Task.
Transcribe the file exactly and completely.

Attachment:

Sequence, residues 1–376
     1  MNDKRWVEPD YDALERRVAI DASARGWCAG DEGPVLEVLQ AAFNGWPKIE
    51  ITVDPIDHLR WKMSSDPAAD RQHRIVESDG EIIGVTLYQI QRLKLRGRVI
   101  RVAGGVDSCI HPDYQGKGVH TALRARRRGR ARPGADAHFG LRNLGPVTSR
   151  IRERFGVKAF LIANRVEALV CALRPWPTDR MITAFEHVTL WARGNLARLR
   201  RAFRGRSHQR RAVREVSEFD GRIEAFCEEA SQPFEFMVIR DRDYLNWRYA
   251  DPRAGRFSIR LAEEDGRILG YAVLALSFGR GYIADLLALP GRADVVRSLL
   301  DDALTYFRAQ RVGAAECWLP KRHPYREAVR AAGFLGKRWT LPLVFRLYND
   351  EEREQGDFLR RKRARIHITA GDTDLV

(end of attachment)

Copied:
Sequence, residues 1–376
     1  MNDKRWVEPD YDALERRVAI DASARGWCAG DEGPVLEVLQ AAFNGWPKIE
    51  ITVDPIDHLR WKMSSDPAAD RQHRIVESDG EIIGVTLYQI QRLKLRGRVI
   101  RVAGGVDSCI HPDYQGKGVH TALRARRRGR ARPGADAHFG LRNLGPVTSR
   151  IRERFGVKAF LIANRVEALV CALRPWPTDR MITAFEHVTL WARGNLARLR
   201  RAFRGRSHQR RAVREVSEFD GRIEAFCEEA SQPFEFMVIR DRDYLNWRYA
   251  DPRAGRFSIR LAEEDGRILG YAVLALSFGR GYIADLLALP GRADVVRSLL
   301  DDALTYFRAQ RVGAAECWLP KRHPYREAVR AAGFLGKRWT LPLVFRLYND
   351  EEREQGDFLR RKRARIHITA GDTDLV